Review: Consider Phlebas, by Iain M Banks

When I picked up Consider Phlebas, the first of Iain M Banks‘ Culture novels, I knew this wouldn’t be an easy ride so it was no surprise when I first felt revulsion and then, later on, trepidation for both the story, the author’s obviously skewed sense of imagination, and the characters. That I should feel uncertain as to what it all was about was no big surprise either, but that the feeling would linger after I put the book down was one.

I would go so far as to say that it’s almost impossible to here place a paragraph starting with “This is the story about…”, because honestly, I don’t know.

Despite this I liked and enjoyed the book; it reminds me of my (admittedly rather vague) memory of Sartre’s Nausea – it is kind of more of an exposé of the futility of life and being /a treatise on the smallness of humanity and our wishes and hopes/ than anything else.

On top of this I love the way Banks’ write his prose. He uses ordinary words and sentences to vividly describe the unimaginable, to capture states and worlds no one will ever see except with the inner eye… and he makes them feel real.

This book is definitely not for the weak of heart and mind, and at times it was a struggle to get through it, but it was very definitely worth the time it took to read it.

Recommended reading for anyone with a flair for pretentious, bleak, and well written space opera.


Trying to finish that ****** book!

With only 32 pages left of the formal story in this my latest read I just cannot get myself rid of the very definite feeling that the main characters will die, whatever my personal preferences. As a consequence, because I cannot just put the book away, not after reading 418 pages filled with trials and gore, I now read in 2-page spurts.

This is not the first time this happens, and I wonder – am I such a sucker for happy endings? Am I better suited for bubblegum reads, were everyone ends up living happily ever after? I am determined that the answer is NO, so I slog on, reading in micro-instalments. Because the book, this far, has been very much worth the effort even if I still have no idea what to say when I’m asked what’s it all about, and I’m determined that there will be a good reason for the protagonist and his sidekick(s) to die, for the story to actually have some kind of meaning. In The End.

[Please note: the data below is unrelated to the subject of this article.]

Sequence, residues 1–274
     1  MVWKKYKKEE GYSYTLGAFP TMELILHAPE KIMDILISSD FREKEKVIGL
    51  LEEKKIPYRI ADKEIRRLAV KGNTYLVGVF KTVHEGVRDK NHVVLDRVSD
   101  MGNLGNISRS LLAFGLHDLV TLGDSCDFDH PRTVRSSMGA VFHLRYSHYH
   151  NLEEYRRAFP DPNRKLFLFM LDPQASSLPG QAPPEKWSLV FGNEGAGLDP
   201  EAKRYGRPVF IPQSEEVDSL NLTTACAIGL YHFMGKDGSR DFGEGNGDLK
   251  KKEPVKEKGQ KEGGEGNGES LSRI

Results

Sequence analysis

Whatever that may be.

But – isn’t it ironic that me, who definitely don’t believe in there being any meaning with life except the survival of the species (so better make the time worth it!), can’t stand a book without a message or idea?

Review: Rules of Engagement, by Elizabeth Moon

When I opened the first page of Elizabeth Moon‘s Rules of Engagement I expected a fast and light read, which just what I needed, all things considered. Of course, there has to be some element of drama or danger, or there would not be a book worth picking up, but at least I thought it would not pose an intellectual challenge – what I’ve read so far from Moon is well written but uncomplicated, as in no real complex political or historical context. Even when tackling difficult topics she does so in a straight forward way that lends at least the first four of the Serrano books a decidedly YA feel.

This fifth book ventured into darker territory, though, lending her characters and universe to the writing of a pamphlet against religious fanaticism. This in itself does not imply a darker setting but she takes it upon her self to describe in detail the consequences of the beliefs of this particular sect, not backing down from either the outright gruesome or the more systematic injustices.

The tool for this is to let rich brat girl Brun, once Bubbles, get kidnapped by a sect that firmly believes that women are the tools of men and not to have a voice of their own. The sect has not made it’s mark in Familias Regnant space which means it is a large universe to search through before she’s found, time during which she is subject to the culture of that sect, a culture that thinks a man forcing himself on a woman is in his right, were women aren’t allowed the skills of reading or writing, or to walk the streets or to look at a man’s face.

The ending is pure cliché, with some characters we know from earlier books who haven’t really made an appearance here jump in and make the day, rescuing Brun, without much explanation (or show). Despite this I enjoyed reading the book; in the end it was a smidgen darker than expected but all in all light and entertaining.
Not essential reading, but then not everything need be :D